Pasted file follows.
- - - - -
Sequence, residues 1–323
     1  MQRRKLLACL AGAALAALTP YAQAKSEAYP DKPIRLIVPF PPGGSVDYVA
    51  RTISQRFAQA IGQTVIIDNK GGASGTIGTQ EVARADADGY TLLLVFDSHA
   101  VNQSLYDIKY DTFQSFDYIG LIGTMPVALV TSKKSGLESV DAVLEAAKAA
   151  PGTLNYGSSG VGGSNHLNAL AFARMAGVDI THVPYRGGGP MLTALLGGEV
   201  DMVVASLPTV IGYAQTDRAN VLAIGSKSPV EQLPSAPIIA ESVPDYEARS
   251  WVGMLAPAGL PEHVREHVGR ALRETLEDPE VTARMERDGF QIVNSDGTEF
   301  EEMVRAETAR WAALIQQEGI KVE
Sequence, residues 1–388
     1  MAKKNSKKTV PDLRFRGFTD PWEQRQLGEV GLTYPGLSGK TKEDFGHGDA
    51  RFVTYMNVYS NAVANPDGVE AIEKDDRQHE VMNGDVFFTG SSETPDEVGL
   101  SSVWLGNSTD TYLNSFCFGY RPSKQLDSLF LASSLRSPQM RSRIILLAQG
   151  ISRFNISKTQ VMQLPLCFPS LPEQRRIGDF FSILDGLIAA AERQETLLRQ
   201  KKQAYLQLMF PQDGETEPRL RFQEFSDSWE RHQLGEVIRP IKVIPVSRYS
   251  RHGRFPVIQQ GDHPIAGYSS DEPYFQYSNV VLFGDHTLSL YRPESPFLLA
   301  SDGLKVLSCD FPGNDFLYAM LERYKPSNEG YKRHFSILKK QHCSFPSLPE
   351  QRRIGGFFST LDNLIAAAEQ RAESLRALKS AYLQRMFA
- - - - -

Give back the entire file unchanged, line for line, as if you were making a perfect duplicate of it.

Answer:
Sequence, residues 1–323
     1  MQRRKLLACL AGAALAALTP YAQAKSEAYP DKPIRLIVPF PPGGSVDYVA
    51  RTISQRFAQA IGQTVIIDNK GGASGTIGTQ EVARADADGY TLLLVFDSHA
   101  VNQSLYDIKY DTFQSFDYIG LIGTMPVALV TSKKSGLESV DAVLEAAKAA
   151  PGTLNYGSSG VGGSNHLNAL AFARMAGVDI THVPYRGGGP MLTALLGGEV
   201  DMVVASLPTV IGYAQTDRAN VLAIGSKSPV EQLPSAPIIA ESVPDYEARS
   251  WVGMLAPAGL PEHVREHVGR ALRETLEDPE VTARMERDGF QIVNSDGTEF
   301  EEMVRAETAR WAALIQQEGI KVE
Sequence, residues 1–388
     1  MAKKNSKKTV PDLRFRGFTD PWEQRQLGEV GLTYPGLSGK TKEDFGHGDA
    51  RFVTYMNVYS NAVANPDGVE AIEKDDRQHE VMNGDVFFTG SSETPDEVGL
   101  SSVWLGNSTD TYLNSFCFGY RPSKQLDSLF LASSLRSPQM RSRIILLAQG
   151  ISRFNISKTQ VMQLPLCFPS LPEQRRIGDF FSILDGLIAA AERQETLLRQ
   201  KKQAYLQLMF PQDGETEPRL RFQEFSDSWE RHQLGEVIRP IKVIPVSRYS
   251  RHGRFPVIQQ GDHPIAGYSS DEPYFQYSNV VLFGDHTLSL YRPESPFLLA
   301  SDGLKVLSCD FPGNDFLYAM LERYKPSNEG YKRHFSILKK QHCSFPSLPE
   351  QRRIGGFFST LDNLIAAAEQ RAESLRALKS AYLQRMFA